France Recalls Ambassador to U.S. for First Time Over Subs
(Bloomberg) -- France recalled its ambassadors to the U.S. and Australia in a diplomatic slap intended to convey its anger over a deal forged in secrecy that saw Paris lose a multibillion-dollar submarine contract.
While France and the U.S. have at times been at odds on global affairs, including over the Iraq War in 2003, Paris has never gone so far as to remove its envoy to Washington, according to senior French diplomats who declined to speculate how long the envoys would be gone.
It’s also unclear whether more rebukes are planned and if France is expecting a U.S. overture in order to move on. French officials have already canceled a gala in Washington and Baltimore this week meant to celebrate Franco-American ties.
“There has been duplicity, contempt and lies,” French Foreign Minister Jean-Yves Le Drian said on France 2 television on Saturday. “You can’t play that way in an alliance.”
The stunning decision comes two days after Australia’s Scott Morrison unveiled plans to buy nuclear-powered submarines in a joint announcement with U.S. President Joe Biden and U.K. Prime Minister Boris Johnson. The new partnership effectively sinks Australia’s 2016 deal with French shipbuilder Naval Group for as many as 12 conventional submarines in a project that had gone over budget but seemed secure.
Le Drian made the announcement on the envoys late Friday, denouncing the deal as “unacceptable behavior between allies and partners, the consequences of which affect the very conception we have of our alliances, our partnerships and the importance of the Indo-Pacific for Europe.”
He added a dig at the U.K. on Saturday, saying there’s no need to recall the ambassador to London because France is “familiar with Britain’s permanent opportunism” and the U.K.’s role in overturning the submarine deal was more like a “fifth wheel.”
Emily Horne, a National Security Council spokesperson, said in a statement on Friday evening that “we have been in close touch with our French partners on their decision to recall Ambassador Etienne to Paris for consultations. We understand their position and will continue to be engaged in the coming days to resolve our differences, as we have done at other points over the course of our long alliance.”
And a spokesperson for Australian Foreign Minister Marise Payne said in a statement that the country “values its relationship” with France, and that the contract decision announced this week was made in accordance with “clear and communicated national security interests.”
So far, the French ire has largely been met with silence and a bit of bafflement by European partners, according to government officials. One senior EU diplomat dismissed the spat as a bilateral dispute over a defense contract that didn’t have wider regional implications.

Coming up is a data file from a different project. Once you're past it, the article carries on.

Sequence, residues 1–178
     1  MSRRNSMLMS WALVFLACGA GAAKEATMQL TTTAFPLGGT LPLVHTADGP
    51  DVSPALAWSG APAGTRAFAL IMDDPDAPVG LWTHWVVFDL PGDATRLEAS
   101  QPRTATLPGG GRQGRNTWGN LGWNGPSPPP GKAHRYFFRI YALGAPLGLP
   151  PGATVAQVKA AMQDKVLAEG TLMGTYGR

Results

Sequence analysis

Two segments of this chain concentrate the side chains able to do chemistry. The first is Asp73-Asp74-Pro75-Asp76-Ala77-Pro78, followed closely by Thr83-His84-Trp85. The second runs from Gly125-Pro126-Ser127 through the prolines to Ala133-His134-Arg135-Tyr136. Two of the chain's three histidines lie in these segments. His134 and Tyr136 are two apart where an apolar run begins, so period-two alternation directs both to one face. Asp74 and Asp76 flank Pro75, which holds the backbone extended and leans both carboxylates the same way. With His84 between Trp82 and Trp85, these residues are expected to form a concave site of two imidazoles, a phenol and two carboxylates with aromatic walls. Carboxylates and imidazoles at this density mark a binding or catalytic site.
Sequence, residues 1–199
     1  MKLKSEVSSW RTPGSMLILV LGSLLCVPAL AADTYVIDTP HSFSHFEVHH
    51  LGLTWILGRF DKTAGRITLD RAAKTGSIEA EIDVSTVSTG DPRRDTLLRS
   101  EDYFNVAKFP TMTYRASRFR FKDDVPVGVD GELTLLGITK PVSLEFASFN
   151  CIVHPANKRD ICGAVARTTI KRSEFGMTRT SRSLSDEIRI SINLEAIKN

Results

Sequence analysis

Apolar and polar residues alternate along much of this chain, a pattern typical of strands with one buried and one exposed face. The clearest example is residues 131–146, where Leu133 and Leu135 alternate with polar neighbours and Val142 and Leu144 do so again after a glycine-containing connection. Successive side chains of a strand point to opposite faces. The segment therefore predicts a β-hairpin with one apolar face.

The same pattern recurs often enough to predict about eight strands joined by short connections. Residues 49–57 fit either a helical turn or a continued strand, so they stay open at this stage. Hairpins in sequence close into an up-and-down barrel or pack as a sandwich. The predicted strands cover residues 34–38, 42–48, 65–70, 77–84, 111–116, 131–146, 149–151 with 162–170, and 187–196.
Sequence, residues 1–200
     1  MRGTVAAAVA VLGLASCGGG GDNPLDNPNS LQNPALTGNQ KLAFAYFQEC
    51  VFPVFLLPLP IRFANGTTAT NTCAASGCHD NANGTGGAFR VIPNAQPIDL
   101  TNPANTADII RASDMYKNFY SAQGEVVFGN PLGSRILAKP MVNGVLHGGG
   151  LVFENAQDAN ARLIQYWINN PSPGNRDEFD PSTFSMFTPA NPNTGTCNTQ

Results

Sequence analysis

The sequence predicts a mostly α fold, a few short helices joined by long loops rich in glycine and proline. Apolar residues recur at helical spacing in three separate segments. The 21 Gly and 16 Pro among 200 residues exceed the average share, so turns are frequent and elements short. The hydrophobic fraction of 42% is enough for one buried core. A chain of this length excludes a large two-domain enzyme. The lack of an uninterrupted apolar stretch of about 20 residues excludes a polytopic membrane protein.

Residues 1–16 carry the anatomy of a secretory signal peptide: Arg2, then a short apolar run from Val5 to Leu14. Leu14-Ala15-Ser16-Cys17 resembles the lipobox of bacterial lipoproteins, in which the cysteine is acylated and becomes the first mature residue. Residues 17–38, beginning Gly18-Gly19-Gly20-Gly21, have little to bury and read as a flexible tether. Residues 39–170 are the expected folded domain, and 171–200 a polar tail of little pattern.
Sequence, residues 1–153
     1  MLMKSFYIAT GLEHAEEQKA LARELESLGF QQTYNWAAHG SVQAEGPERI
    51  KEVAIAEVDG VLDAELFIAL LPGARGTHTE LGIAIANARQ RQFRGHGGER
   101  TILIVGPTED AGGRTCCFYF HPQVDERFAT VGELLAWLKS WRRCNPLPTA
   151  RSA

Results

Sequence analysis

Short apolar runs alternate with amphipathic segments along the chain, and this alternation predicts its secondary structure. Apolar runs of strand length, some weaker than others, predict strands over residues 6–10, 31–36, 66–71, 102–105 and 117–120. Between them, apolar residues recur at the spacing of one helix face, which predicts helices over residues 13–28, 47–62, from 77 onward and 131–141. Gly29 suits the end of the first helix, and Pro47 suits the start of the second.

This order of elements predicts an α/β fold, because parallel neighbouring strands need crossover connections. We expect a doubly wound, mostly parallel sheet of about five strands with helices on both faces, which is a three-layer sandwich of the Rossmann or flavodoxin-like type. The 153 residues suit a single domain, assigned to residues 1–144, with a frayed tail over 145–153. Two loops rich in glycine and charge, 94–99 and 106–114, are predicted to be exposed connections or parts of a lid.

The loss of the Australian submarine deal is a personal blow for President Emmanuel Macron. In June, Macron invited Morrison to Paris after the Group of Seven summit, and the two discussed the contract with state-owned Naval Group, focusing on delays and pricing, two people familiar with the discussions said.
From the French perspective, there was never a suggestion that Australia was about to ditch the contract, look for other partners, or had second thoughts. Two French officials describe it as the typical discussions befitting a deal of that size and that Macron felt he had responded to Morrison’s queries.
Macron and Biden have previously had a warm relationship.
The French president publicly rejoiced at the G-7 meeting in June that America was “back” and ready to work with European partners, after difficult years under former U.S. President Donald Trump.
If France had any suspicion the submarine deal was in danger, two French officials said, it would never have signed a road map with Australia only two weeks ago, in which they “committed to deepen defense industry cooperation” and “underlined the importance of the future submarine program.”
How the communication went down with all the parties involved is still up in the air. Secretary of State Antony Blinken said that high-level U.S. officials discussed the Australia partnership with French counterparts before its public announcement. Officials in the U.K. and the U.S. have said it was for Australia to warn France.
Australia, for its part, justified the cancellation of the French contract by its fundamental need for nuclear-powered rather than diesel submarines in a changing security environment as China expands its military clout in the Indo-Pacific region. In short, it wasn’t personal.
But the French, by their reaction, see it differently.
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